Evaluating Retirement Plans for Self-Employed Individuals

Evaluating Retirement Plans for Self-Employed Individuals

It can be challenging to plan for retirement when you are self-employed, but it is beneficial in a number of ways to save for retirement early and take advantage of financial tools that can save you money now while building security for your future. There are viable retirement plans for self-employed individuals and small business owners that can fit into your independent lifestyle.


Understanding Retirement Options for the Self-Employed

Employed individuals who work full-time for a large company usually have access to employee-sponsored plans where they make matching contributions to a 401k plan or similar retirement fund. In contrast, self-employed retirement planning will need to be funded entirely with your own investments. Many of these financial instruments offer tax incentives and other advantages that can allow you to save more for retirement than you thought possible.


Options to Consider for Setting up a Retirement Plan

Traditional IRA: Anyone can open an Individual Retirement Account or IRA and receive a tax deduction for funds placed in the account. The amount that is tax deductible may be limited by your household income and other self-employed retirement plans. After age 59 ½, you can take distributions from the account, which are taxed as normal income.

ROTH IRA: When you put money into a ROTH IRA, it has already been taxed and generates no tax deduction. However, when you retire and receive distributions, they will not count as taxable income at that time. There are still limits on how much you can put into a ROTH IRA each year, and the contribution limit between traditional and ROTH models is combined for the tax year.

SEP IRA: SEP stands for Simplified Employee Pension, and this type of IRA has a much higher contribution limit. Setting up these self-employed retirement plans requires some paperwork, and business owners must make contributions for all employees at a fixed percentage of their earnings. When it comes to tax time, your self-employment earnings are reduced by the contributions to the SEP IRA and half of your self-employment taxes.

SIMPLE IRA: Another small business retirement plan for employees is the SIMPLE IRA. Like SEP IRAs, these require setup and financial planning, but allow your employees to contribute directly to the plan while you as the business owner make matching contributions. You must have fewer than 100 employees to use a Savings Incentive Match Plan for Employees (SIMPLE IRA). Your matching contributions are tax deductible.1

Solo 401 (k): This option is available to you as a self-employed business owner if you have no employees other than your spouse. A Solo 401k for self-employed individuals functions like a traditional or ROTH IRA, depending on how it is set up, but allows much larger contributions annually. You will need to file paperwork in an ongoing manner with the IRS to maintain your ability to use a Solo 401 program but there are many advantages if you are working alone or with your spouse and need to put aside pre-tax or post-tax funds for your family’s future.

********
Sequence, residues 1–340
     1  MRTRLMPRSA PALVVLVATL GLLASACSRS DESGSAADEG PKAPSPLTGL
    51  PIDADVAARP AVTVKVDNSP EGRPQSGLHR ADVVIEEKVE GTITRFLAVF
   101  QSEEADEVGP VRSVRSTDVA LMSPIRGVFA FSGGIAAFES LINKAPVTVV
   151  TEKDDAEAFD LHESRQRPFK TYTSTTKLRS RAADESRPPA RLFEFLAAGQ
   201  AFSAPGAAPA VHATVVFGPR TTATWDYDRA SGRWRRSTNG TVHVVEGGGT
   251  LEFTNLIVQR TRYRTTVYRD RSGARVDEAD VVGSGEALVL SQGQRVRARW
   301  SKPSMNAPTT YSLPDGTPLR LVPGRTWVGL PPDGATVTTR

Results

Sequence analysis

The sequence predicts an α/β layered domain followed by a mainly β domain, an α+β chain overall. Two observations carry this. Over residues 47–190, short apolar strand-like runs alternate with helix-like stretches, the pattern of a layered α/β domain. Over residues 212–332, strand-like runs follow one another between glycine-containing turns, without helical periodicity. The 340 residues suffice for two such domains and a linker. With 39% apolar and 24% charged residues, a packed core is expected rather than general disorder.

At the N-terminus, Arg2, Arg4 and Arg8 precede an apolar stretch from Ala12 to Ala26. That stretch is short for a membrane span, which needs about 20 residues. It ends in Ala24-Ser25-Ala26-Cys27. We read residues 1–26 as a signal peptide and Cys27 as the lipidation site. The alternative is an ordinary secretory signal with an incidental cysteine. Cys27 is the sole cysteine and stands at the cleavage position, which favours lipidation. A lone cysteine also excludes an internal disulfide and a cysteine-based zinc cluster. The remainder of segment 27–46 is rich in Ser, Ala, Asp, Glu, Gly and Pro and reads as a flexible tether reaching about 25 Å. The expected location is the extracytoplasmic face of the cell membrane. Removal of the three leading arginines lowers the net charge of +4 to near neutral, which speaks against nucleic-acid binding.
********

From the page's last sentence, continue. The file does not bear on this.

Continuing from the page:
More Complex Retirement Plans: With sound financial planning, you can set up a more complex self-employed retirement plan involving profit sharing, defined benefits (pension plan), or money purchase plans. All of these options offer tax savings but may require a dedicated financial expert to set up and complete annual filings to maintain compliance.


Choosing the Right Self-Employed Retirement Plan for Your Business

  • Keep Your Business in Good StandingIf you have a long time to save for retirement, ROTH IRAs are excellent for tax-free growth.
  • Traditional IRAs are easy to set up but may limit your ability to use other retirement plans.
  • If your small business has employees, SIMPLE IRAs are a good option.
  • If you have few employees or only family working for your business, SEP IRAs are helpful but you must contribute the same percentage for all your employees covered by the plan.
  • If you have no employees other than your spouse, you can use Solo 401k to take advantage of a ROTH option, or SEP IRAs for less paperwork and filing requirements.


Catch Up Contributions

Each year, the IRS allows individuals over the age of 50 to make catch-up contributions to many types of retirement plans.2 Check current year limits and add additional money to your eligible accounts at the end of the year to take advantage of higher contribution limits than younger business owners.


Keep Your Business in Good Standing

To qualify for self-employed retirement funds and tools, your sole proprietorship, partnership, or LLC needs to be in good standing with the state(s) where you do business. You can complete sales permits and business registrations, file annual or biannual statements of information, and obtain a certificate of good standing in one place with FastFilings. Make sure that your business is in compliance before you put your self-employed retirement plan into action!



  1. https://www.irs.gov/retirement-plans/plan-sponsor/simple-ira-plan
  2. https://www.irs.gov/retirement-plans/plan-participant-employee/retirement-topics-catch-up-contributions

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